From Page to Screen: Three Classic Black and White Horror Films
As Halloween approaches, you might be thinking of settling down to watch a horror movie or read a ghost story. There are plenty of spooky books and films to be found in the library, not least these three classic, black and white horror films adapted from novels and short stories. Night of the Demon (1957) […]
As Halloween approaches, you might be thinking of settling down to watch a horror movie or read a ghost story. There are plenty of spooky books and films to be found in the library, not least these three classic, black and white horror films adapted from novels and short stories.
Night of the Demon (1957)
The first of these films, Night of the Demon (1957) was adapted from Casting the Runes, by the celebrated British ghost story writer M. R. James. Casting the Runes was first published in More Ghost Stories of an Antiquary in 1911. James’ stories often feature scholars on the trail of ancient manuscripts or artefacts who disturb malevolent supernatural forces. In Night of the Demon, the scholarly protagonist of the book, Mr. Dunning, is transformed into the sceptical American psychologist John Holden. Arriving in England to attend a conference on the paranormal, Holden gets drawn into an investigation of an occult group led by the mysterious Dr. Karswell. The titular demon does indeed make an appearance in the film, despite the misgivings of director Jacques Tourneur who would have preferred to suggest the presence of the monstrous creature.
Did you know? - Kate Bush’s 1985 song Hounds of Love opens with a line of dialogue from the film: “It’s in the trees, it’s coming!”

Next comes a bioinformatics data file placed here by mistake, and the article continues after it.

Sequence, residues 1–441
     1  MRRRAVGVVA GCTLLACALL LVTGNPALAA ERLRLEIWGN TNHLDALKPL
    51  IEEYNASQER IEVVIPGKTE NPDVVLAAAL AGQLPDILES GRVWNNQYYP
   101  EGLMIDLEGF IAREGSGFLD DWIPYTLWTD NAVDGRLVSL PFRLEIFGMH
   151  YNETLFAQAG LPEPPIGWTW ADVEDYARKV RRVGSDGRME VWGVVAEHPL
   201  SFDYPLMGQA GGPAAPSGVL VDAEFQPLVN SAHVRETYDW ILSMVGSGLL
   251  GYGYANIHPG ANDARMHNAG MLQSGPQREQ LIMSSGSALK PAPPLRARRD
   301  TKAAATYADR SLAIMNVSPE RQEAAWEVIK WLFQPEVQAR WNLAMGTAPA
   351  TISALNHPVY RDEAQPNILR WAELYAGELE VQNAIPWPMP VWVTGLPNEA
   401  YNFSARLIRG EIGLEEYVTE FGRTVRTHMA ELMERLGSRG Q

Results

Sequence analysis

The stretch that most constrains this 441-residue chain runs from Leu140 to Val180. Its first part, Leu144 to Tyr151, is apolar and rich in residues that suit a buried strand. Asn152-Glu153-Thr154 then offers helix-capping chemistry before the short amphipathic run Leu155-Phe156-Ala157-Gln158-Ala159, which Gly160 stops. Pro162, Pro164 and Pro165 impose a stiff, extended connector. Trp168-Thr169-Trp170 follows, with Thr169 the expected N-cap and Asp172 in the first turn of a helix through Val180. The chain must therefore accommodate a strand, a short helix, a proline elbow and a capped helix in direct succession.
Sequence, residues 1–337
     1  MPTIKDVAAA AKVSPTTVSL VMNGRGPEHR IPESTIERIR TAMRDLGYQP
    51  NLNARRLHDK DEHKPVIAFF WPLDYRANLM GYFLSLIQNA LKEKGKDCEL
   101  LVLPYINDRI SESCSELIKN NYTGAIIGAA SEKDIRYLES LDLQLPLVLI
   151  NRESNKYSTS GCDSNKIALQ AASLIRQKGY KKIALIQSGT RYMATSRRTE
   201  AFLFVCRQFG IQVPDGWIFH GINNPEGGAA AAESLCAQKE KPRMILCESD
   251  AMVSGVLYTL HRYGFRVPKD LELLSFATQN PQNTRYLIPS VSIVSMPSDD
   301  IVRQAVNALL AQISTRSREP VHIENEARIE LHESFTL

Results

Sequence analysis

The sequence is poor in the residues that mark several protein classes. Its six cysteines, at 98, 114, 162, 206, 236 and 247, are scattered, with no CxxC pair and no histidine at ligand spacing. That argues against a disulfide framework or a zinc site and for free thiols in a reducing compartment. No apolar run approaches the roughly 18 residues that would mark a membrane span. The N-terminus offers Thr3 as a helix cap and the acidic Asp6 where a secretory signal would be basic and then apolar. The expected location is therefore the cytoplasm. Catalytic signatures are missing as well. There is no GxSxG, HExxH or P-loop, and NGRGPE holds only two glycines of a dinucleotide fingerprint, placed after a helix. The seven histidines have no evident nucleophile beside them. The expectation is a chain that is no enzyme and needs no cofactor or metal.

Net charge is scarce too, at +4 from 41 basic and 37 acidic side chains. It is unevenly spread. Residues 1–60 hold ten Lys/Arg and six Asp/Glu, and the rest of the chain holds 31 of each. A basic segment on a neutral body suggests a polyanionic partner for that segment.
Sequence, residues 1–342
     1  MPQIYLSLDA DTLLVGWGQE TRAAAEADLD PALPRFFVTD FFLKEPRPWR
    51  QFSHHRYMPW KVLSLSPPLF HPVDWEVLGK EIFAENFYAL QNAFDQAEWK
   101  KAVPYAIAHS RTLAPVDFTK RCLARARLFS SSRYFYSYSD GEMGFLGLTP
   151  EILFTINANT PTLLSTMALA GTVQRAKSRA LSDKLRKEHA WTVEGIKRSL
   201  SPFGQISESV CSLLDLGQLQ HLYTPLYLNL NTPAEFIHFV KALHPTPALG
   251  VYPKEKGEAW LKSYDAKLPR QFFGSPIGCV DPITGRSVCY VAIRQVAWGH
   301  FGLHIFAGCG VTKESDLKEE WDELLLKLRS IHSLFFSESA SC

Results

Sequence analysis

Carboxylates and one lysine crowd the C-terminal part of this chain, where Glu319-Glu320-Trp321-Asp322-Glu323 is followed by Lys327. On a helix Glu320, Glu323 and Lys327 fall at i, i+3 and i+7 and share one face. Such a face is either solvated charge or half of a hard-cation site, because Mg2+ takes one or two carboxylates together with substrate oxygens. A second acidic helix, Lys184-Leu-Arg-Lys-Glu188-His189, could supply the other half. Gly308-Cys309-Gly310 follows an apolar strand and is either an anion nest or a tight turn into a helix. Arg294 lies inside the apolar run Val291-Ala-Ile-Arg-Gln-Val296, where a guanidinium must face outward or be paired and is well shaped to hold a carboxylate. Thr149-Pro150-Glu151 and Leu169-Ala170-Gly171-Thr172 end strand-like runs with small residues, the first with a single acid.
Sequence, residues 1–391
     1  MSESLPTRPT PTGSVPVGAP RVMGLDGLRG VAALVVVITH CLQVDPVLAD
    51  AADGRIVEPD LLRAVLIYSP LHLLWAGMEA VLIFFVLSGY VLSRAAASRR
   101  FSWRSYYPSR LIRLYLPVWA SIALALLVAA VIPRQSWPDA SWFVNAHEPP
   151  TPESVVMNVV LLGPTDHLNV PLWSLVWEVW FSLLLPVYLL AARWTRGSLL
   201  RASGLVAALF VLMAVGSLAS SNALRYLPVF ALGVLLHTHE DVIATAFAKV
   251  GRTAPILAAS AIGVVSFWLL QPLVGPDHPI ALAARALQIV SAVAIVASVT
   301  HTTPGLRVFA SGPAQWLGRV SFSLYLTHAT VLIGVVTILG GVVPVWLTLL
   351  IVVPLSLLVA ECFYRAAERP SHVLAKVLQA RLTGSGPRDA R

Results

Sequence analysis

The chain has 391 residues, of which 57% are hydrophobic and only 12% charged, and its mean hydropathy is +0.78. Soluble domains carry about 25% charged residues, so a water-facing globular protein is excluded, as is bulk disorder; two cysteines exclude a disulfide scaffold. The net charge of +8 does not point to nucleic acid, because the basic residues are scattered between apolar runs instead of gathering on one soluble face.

The Innocents (1961)
The Innocents (1961) is a film adaptation of the Henry James novella The Turn of the Screw. James, an American writer who spent most of his career in Britain, was a major figure in 19th century literature. Directed by Jack Clayton, the film stars Deborah Kerr as Miss Giddens, a highly-strung governess hired to look after two orphaned children in a lonely county mansion. Miss Giddens begins to suspect that the mansion and estate are haunted by the malign spirits of the children’s former governess and her lover. Lighting and sound effects create an eerie, unsettling atmosphere. Is the haunting evidence of supernatural forces or a manifestation of Miss Giddens’ imagination? Viewers must make up their own minds.
Did you know? – The cursed tape from the 2002 horror film The Ring features an audio sample from The Innocents.
Bram Stoker’s 1897 gothic horror novel, Dracula has given rise to numerous film adaptions and continues to inspire writers and film directors to this day. Nosferatu (1922) is the earliest surviving screen adaptation of Dracula. Directed by F. W. Murnau, this influential silent film is an example of German expressionist cinema. Stokers’ heirs sued the film’s makers for copyright infringement, despite changes to the names of the characters and the setting. In the film, for example, vampire becomes ‘Nosferatu’ and Count Dracula becomes ‘Count Orlok’. Nosferatu is memorable for its striking images, in particular the grotesque appearance of the vampire played by Max Schreck.
Did you know? – The title of Joe Hill’s 2013 horror novel NOS4A2 is a play on words of ‘Nosferatu’.
If you dare you can search the Fingal Library Catalogue for copies of all of the above items!
By Orla Drohan